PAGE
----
DL Fowler's Blog

Lincoln Trivia #20

Posted in Lincoln, Lincoln Trivia, Lincoln's Diary, My Books, PTSD, Research by DLFowler on March 7, 2011

As I travel the country in coming months, promoting my new book, Lincoln’s Diary – a novel, I’ll be engaging readers with some tidbits about the real Abraham Lincoln. Focusing on some thngs they never told us in school. There will even be prizes for people who invest in some research to answer the trivia questions on my website.

So here’s some help on your research, one of the questions – and the answer:

Which former US Presidents did Lincoln most dislike? (Dislike is putting it mildly.)

It’s ironic that Lincoln placed such high value on the Declaration of Independence (he believed it supersedes the Constitution in authority) and he despised the political views of its author, Thomas Jefferson. On top of that, even though Lincoln was very much a man of the people, he also opposed most everything Andrew Jackson (America’s first populist president) stood for.  Steering the country off of the course those two had set drove most of Lincoln’s political career.

Lincoln believed that both Jefferson and Jackson were responsible for the life of subsistence farming that trapped the Lincoln family and many like it in a form of slavery.  The first time he saw slaves being mistreated by their overseers, Lincoln remarked, “I am a slave and the son of a slave.” (This was only one of several potential triggers that might have produced Lincoln’s PTSD symptoms. Search my blog for other discussions about Linclon and Post Traumatic Stress Disorder. There’ll be more on Lincoln and PTSD in future trivia questions as well.)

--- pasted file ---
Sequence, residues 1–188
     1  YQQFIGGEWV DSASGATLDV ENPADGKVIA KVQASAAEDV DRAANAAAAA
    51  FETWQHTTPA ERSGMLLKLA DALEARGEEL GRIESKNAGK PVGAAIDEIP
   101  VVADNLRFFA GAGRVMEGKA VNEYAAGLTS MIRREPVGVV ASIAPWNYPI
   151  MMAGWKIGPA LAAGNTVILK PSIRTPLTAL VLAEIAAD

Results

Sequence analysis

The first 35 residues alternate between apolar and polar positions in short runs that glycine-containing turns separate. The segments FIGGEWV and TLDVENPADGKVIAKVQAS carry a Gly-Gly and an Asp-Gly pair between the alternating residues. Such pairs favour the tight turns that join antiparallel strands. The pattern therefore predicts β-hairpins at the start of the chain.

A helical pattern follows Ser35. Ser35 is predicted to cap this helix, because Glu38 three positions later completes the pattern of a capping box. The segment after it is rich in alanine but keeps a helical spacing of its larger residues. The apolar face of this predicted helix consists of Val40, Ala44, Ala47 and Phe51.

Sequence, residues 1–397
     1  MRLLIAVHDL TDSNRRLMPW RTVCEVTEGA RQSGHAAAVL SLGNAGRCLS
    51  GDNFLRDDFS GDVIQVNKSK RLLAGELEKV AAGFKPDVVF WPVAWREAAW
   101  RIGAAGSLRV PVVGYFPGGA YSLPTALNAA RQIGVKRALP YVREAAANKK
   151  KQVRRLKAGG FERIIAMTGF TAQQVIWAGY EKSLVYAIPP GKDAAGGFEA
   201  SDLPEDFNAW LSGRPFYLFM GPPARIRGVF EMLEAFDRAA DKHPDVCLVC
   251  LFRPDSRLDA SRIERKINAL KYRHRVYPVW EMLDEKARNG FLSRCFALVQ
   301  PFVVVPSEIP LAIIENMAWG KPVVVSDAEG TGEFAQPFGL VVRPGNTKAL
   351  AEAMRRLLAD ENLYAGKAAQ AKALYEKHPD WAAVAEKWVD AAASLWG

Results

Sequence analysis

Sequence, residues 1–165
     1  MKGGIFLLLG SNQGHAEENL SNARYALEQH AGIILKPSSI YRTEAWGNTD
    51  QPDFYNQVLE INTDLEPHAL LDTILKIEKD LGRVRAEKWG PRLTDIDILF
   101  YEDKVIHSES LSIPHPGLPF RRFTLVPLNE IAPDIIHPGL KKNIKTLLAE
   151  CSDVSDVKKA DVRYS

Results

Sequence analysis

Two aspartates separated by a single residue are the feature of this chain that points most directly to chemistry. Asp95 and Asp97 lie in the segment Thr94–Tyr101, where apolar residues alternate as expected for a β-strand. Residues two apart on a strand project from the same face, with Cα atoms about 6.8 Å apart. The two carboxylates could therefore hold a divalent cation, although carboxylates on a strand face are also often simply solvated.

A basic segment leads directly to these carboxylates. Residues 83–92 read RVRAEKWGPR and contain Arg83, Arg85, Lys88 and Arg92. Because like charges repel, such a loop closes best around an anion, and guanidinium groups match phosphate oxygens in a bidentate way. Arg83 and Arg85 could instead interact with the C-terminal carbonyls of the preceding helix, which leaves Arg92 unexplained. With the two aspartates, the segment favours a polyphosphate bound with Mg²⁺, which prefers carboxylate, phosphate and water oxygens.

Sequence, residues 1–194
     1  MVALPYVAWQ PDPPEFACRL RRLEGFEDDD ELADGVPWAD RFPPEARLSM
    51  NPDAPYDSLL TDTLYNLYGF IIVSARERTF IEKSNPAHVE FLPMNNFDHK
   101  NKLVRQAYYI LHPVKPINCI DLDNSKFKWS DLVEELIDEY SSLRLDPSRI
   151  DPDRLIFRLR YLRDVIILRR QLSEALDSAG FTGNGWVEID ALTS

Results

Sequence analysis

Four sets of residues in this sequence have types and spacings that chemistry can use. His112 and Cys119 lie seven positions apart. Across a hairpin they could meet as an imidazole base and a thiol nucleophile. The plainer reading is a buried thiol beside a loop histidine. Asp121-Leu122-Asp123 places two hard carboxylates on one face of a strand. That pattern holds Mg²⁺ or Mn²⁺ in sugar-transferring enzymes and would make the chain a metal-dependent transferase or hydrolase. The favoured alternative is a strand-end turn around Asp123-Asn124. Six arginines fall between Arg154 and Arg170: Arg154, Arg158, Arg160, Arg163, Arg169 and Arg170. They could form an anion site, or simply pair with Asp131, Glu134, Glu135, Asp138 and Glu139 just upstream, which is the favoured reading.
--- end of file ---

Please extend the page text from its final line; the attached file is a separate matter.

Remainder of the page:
When Abe was a teenager, Tom Lincoln often beat him for shirking his duties around the farm. Abe preferred reading poetry to working with his hands and back. His son’s laziness infuriated Tom who constantly struggled against the elements to feed his family.  In the younger Lincoln’s mind, Jefferson’s vision of small self-sufficient farms dotting the countryside from coast to coast had led to the Lincoln family’s miserable state. Life could be better if the government’s policies would encourage advancement, instead of fostering subsistence.

In his adult life, much of Abraham Lincoln’s energy was devoted to promoting a radical political agenda of supporting education, technology, access to capital, workers’ rights, universal suffrage and human dignity.  All things he accused the Jeffersonian/Jacksonian political movement of obstructing.

Nonetheless, Lincoln had blind-spots. Not until very late in his life did he embrace voting rights for former slaves.  And the notion that Native Americans should enjoy the same rights, dignity and fair treatment as the rest of mankind almost eluded him completely.

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